The Café: The Place That Not Ev­ery Young­ster Can Go To

The Kurdish Globe - - LAST PAGE - Zakaria Muhammed

Many peo­ple have noted that the cof­fee at cafes seems to be ex­tremely pricey, es­pe­cially when com­pared to the cost of mak­ing cof­fee at home. The cafes are usu­ally vis­ited by those who have ap­point­ments with their friends, rel­a­tives, and some­times busi­ness peo­ple.

Drink­ing a cup of cof­fee may cost eight times more than a cup of cof­fee at a tra­di­tional cof­fee house in the down­town mar­kets. This pre­vents cer­tain peo­ple and stu­dents with low wages from vis­it­ing the ex­pen­sive cafes fre­quently.

“Lately, I have been dis­tant from some close friends of mine be­cause I can’t go to the cafes ev­ery­day to meet them. If I drink a cup of cap­puc­cino in Costa Cafe, for in­stance, and use In­ter­net, I have to pay at least 10,000 Iraqi di­nars,” said Sar­baz Ka­reem, a col­lege stu­dent

The num­ber of ex­pen­sive cafes is on the rise in the Kur­dish Re­gion, es­pe­cially in the Kur­dish cap­i­tal city of Er­bil. Each su­per­mar­ket has more than two or three cafes.

Some of the cafes are lo­cated in the busi­ness ar­eas where most of for­eign or­ga­ni­za­tions and com­pa­nies based. The main things that en­tice peo­ple into pay­ing visits to the cafes is the avail­abil­ity of in­ter­net ser­vice and dif­fer­ent types of cof­fees and teas.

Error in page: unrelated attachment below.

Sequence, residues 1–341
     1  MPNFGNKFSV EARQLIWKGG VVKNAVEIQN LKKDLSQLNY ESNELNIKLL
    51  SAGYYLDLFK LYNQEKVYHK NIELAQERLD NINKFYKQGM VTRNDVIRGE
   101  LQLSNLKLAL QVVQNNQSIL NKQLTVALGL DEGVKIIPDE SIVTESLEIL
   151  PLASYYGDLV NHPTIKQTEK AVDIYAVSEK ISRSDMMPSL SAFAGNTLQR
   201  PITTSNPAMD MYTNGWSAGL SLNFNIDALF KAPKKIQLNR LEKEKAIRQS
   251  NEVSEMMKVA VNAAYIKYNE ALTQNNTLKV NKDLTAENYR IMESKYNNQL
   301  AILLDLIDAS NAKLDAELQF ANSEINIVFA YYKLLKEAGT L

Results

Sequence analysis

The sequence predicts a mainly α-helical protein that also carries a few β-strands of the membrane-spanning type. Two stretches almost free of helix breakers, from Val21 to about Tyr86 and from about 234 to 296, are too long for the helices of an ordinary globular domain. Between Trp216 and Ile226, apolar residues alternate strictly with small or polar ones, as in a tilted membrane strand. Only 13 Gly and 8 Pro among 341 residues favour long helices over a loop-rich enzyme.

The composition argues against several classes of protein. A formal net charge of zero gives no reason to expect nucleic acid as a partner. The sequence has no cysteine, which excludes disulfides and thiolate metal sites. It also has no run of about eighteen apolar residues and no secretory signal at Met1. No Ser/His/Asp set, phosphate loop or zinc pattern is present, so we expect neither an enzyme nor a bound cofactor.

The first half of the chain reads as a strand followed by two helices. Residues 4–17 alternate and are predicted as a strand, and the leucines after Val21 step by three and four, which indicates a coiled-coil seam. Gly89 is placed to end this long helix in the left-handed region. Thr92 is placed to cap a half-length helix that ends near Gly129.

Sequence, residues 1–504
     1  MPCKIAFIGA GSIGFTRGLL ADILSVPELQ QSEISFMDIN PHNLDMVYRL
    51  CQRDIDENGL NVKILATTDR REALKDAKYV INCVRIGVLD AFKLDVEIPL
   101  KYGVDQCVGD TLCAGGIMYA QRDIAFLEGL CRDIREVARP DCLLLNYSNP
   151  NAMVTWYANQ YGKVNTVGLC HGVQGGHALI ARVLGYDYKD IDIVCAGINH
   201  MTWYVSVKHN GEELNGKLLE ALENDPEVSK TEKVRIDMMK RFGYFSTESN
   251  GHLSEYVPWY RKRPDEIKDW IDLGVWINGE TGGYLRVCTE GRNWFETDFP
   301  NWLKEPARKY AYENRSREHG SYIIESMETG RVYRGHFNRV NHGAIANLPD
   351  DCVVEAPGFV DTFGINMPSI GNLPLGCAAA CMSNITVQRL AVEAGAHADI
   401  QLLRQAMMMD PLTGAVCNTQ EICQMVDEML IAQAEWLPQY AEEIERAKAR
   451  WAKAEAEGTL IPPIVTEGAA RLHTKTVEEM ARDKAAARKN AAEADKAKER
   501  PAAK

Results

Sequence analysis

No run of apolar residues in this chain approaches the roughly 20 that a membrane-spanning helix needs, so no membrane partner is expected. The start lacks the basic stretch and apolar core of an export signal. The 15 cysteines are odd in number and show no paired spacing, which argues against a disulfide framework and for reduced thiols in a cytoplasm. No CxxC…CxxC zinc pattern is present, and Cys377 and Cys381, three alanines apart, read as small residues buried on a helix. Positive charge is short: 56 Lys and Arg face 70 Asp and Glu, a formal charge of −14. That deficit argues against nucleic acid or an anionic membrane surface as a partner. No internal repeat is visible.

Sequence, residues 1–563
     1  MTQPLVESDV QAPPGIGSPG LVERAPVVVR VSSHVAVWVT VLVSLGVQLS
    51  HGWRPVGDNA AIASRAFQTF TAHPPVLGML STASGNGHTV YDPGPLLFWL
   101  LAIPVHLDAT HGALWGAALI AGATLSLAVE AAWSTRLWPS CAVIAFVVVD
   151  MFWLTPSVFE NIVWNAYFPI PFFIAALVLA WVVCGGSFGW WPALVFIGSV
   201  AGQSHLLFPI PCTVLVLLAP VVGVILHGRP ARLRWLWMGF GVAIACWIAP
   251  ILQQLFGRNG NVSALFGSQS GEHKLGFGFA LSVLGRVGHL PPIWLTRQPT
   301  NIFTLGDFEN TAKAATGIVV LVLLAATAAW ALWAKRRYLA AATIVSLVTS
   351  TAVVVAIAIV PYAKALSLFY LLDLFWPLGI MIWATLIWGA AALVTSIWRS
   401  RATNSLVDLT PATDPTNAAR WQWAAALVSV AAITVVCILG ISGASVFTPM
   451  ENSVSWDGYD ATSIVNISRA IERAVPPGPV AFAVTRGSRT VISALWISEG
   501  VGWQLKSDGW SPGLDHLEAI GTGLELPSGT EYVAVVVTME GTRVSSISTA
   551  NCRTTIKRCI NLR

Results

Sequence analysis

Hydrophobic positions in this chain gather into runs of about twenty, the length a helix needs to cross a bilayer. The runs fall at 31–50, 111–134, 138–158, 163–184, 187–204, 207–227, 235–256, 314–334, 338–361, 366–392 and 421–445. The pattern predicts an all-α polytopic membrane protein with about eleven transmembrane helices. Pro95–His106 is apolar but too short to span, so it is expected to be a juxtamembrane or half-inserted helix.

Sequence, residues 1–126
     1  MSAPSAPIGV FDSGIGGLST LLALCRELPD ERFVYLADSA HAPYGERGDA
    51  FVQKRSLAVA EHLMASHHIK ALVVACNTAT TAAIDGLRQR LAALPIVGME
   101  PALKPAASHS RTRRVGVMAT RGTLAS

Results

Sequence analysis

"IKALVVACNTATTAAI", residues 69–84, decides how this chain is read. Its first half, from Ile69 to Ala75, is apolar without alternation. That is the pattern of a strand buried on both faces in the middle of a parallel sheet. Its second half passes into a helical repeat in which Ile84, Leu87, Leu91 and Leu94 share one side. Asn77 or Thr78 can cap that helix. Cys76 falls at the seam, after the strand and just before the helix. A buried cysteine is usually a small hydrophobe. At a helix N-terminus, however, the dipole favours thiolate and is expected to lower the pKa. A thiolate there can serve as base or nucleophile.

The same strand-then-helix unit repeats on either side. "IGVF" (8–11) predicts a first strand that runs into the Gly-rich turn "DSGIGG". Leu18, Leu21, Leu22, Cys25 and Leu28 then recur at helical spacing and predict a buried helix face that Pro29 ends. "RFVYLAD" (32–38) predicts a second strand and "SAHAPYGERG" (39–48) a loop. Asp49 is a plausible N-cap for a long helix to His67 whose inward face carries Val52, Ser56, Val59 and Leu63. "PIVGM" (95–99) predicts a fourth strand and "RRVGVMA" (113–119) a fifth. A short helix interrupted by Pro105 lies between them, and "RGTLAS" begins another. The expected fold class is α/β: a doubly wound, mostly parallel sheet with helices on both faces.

Sh­wan Am­jad, who had his IPad in hand, read­ing posts on his face book ac­count, says, “I come here to en­joy my spare time with my friends. It's bet­ter to be here than go­ing to crowded lo­cal mar­kets for no rea­son.”

When asked if he thinks the cafes are ex­pen­sive, Am­jad said “It is very ex­pen­sive, but, for­tu­nately, I can af­ford to eat and drink here be­cause my fa­ther is a busi­ness­man.”

He sym­pa­thizes with those who can’t af­ford pay­ing for a cup of cof­fee in a cafe. He thinks the govern­ment should at least open some cafes for stu­dents with cheaper prices.

The own­ers of the cafés in­di­cate that they put prices on the food and drink by them­selves and they are not re­quired to go by any price re­stric­tions. They say there are a num­ber of rea­sons why cof­fee at cafes tends to be so ex­pen­sive.

Ac­cord­ing to Ahamad Ab­bas, the owner of Nice Café in Er­bil, one of the main rea­sons why cof­fee at cafes is ex­pen­sive is be­cause it ac­tu­ally costs a lot to make. The cafe must pay staff to make it, and they must also cover over­head like rent, elec­tric­ity, in­ter­net ser­vice, and wa­ter fees.

Ab­bas said many peo­ple also ex­pect a great deal of va­ri­ety when they or­der cof­fee at cafes, and this is also ex­pen­sive. It is much cheaper to of­fer only a few types of cof­fee, but most cafes of­fer a huge as­sort­ment, all of which must be made fresh and kept well stocked by staff.

“Many cus­tomers spend hours in a cafe, es­pe­cially one's which of­fers wire­less In­ter­net, and these cus­tomers may pur­chase a min­i­mal amount of food and drinks, of­ten stick­ing to the cafe's stated min­i­mum for ta­ble oc­cu­pancy, if there is one. When turnover in a cafe is low, the cafe at­tempts to make up for it by pric­ing its food and drink,” Ab­bas ex­plained

Even with all the ex­cuses the cafe run­ners make, the stu­dent Ka­reem says the price of food and drinks are still ex­tremely ex­pen­sive and need to be fixed.

A view of Mado Café in Er­bil.

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